1    Working with intangible concepts.
Empathy is a core characteristic of an industrial designer, to get a good grasp on the needs, desires and expectations of the user. And to capture the right emotions that a client wants to evoke with their brand and product. These are intangible concepts, making them hard to clearly grasp and define, yet they cannot be tossed aside. They’re the vital starting point of every design process. Achilles Design has multiple tools and techniques to capture and work with these intangible concepts.
2   Formulate fitting design drivers.
These intangible concepts get translated into design drivers that relate to both the engineering and aesthetic requirements. This process is based on both practice and experience. In essence you’re describing and prioritizing the key properties of your bicycle. These should steer you in a dedicated direction and serve as a guide throughout the development process. All of the design drivers need to be present in the final design. At the end, they will make the difference, they will turn your bicycle into something your target audience truly desires.

What makes a bicycle truly desirable is very dependent on the user expectations and the needs of the targeted cyclist. If a design doesn’t strike the right chord it might be that the designer has missed some of these marks or that the design simply wasn’t intended to speak to you.

3   Find the right balance.
Engineering and aesthetics requirements are often contradictory. It’s therefore key to get the priorities straight at the beginning, these will guide you towards the right design decisions throughout the development process. Ideally you want to look for those design solutions where engineering goes hand in hand with aesthetics, but sometimes you’ll need to compromise. This balancing exercise is further complicated by the interconnectedness of things. To illustrate, selecting a more powerful and therefor larger motor will change the proportions in your frame silhouette, forcing you to revisit previous design decisions. In practice the search for the right balance is a highly iterative process.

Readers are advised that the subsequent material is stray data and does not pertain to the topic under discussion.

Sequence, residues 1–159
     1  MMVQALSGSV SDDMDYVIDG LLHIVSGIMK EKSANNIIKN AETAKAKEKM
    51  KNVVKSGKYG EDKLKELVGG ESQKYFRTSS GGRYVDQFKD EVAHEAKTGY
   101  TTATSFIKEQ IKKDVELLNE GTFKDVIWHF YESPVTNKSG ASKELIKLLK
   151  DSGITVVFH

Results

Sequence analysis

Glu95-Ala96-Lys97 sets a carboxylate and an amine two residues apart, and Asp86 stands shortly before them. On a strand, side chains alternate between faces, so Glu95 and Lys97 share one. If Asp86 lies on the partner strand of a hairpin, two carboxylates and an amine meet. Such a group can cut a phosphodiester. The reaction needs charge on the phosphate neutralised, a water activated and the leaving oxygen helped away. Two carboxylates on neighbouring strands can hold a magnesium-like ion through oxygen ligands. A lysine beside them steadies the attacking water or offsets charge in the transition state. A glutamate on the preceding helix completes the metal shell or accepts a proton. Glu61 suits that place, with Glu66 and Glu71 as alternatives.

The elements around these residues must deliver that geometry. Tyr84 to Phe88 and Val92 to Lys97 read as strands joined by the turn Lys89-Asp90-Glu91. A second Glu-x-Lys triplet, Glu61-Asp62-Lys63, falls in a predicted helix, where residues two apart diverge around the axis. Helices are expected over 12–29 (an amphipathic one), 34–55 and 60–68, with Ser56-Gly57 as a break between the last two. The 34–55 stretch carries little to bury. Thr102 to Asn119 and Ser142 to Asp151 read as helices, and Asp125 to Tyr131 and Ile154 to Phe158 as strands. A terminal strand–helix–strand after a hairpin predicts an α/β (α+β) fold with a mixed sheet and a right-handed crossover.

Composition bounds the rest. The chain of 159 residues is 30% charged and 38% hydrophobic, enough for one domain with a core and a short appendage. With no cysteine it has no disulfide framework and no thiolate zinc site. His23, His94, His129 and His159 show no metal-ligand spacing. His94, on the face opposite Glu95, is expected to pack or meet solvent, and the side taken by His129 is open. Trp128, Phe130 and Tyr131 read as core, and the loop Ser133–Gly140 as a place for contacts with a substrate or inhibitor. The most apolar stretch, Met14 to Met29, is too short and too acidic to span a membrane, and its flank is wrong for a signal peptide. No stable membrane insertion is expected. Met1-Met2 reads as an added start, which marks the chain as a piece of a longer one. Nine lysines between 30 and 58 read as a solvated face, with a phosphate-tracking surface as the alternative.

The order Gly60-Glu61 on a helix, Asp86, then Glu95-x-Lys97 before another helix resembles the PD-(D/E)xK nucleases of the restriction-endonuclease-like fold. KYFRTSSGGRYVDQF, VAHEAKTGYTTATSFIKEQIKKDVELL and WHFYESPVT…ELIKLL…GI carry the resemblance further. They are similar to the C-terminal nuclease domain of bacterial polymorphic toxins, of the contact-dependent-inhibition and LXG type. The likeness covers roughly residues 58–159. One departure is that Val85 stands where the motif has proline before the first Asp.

4   Maintain this balance throughout the development process.
The industrial designer is uniquely positioned to both define and safeguard this delicate balance between engineering and aesthetics. Throughout the development process of the bicycle multiple stakeholders come into play: suppliers, manufacturers, distributers, etc. Each one working within their own preferences, restrictions and capabilities. During a development process, unexpected things may pop up that have implications on the design. For example, when a section of tubing needs to be altered because of sourcing issues or when a material finish proves to be too costly, the designer needs to come up with an alternative solution. To many, this iterative process of defining and revisiting may sound exhausting, to us it’s second nature.

The design process of a desirable product should always start with the clear identification of the needs, desires, and expectations of the user. It’s a constant balancing exercise during which conscious engineering & aesthetic decisions need to be taken. The right balance is found when these needs and expectations are both conveyed and fulfilled in a compelling way in the final design of your product.

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Ward Vancoppenolle

Senior Industrial Designer